Digital forensics examiners are very aware of the benefits of identifying metadata in files from word processing documents to image files. The metadata in image files, referred to as Exif (Exchangeable image file format), has been a source of information in forensic examinations for some time. Many files, including video files, have metadata.
If metadata is important in other investigations, can video metadata be a similar potential treasure trove? In our basic course I have extolled the examination of metadata during internet investigations, because in online documents or images, metadata can be incredibly damaging evidence.
For example, recently I was asked to examine a website set up on a “free” domain to find out who the the owner might be. Examination of the website failed to ascertain anything until I downloaded the files embedded in the site. A quick look at the files’ metadata ascertained their author – who was well known to the plaintiff.
Two types of video metadata
So video metadata does exist, and it is important. To deal with video metadata, we have to understand where it comes from. There are two sources, which one article describes as:
a) Operational, automatically gathered video metadata, which is typically a set of information about the content you produce, such as the equipment you used, the software you employed, the date you created your video, GPS coordinates of shooting location, and more.
b) Human-authored video metadata, which can be created to provide more search engine visibility, audience engagement, and better advertising opportunities for online video publishers.
Most of what we are currently dealing with in metadata examination is the “operational” metadata. However, human-authored metadata may become more important.
Interestingly enough, video metadata is getting some heavy discussion from a marketing point of view. Online video providers are looking at the use of video metadata to describe the video better for two reasons: first, better coverage in the search engines, and second, so end users have more descriptive information about the video.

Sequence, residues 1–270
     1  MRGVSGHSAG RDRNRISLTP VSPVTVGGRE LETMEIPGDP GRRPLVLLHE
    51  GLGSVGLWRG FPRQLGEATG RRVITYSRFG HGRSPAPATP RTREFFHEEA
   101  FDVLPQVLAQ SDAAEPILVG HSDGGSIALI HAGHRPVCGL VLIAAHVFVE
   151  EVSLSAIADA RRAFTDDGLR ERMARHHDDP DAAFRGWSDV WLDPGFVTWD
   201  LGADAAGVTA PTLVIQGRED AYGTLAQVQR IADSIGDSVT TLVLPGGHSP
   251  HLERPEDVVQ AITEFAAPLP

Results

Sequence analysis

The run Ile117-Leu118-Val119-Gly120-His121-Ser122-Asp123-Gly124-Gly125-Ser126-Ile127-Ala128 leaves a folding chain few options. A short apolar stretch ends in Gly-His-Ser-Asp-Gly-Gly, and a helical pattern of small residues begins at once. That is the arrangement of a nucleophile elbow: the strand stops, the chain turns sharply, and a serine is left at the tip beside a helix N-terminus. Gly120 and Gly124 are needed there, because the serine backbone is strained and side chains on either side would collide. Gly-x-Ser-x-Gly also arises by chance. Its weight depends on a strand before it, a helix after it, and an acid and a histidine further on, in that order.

Additionally, video-sharing sites seek to make videos more “social” by enabling users to add metadata to the videos they host. For instance, Metacafe’s Wikicafe section allows all its users to add “human authored” comments to video metadata.
Although few standards currently exist for video metadata, this is changing as video delivery becomes more important. Acceptance of standards such as the Dublin Core Metadata Element Set are becoming common. With standards in the metadata, investigators will have an ability to look for common items of information in the file.
Standard metadata also makes it easier to build tools to extract this data. The continuing conversation, and the acceptance of “human authored” metadata, will undoubtedly provide investigators with additional information regarding videos they find on the internet during investigations.
File formats and what they contain
Search Google for “video metadata forensics”, and you won’t find much of anything useful. It is mentioned in some places that video has metadata, but little describes the metadata in depth. However, search for RIFF (Resource Interchange File Format) and you will find a lot more. Riff, the term similar in usage to Exif data, is the format that describes the usage of metadata in many video and audio files.
Riff data can include: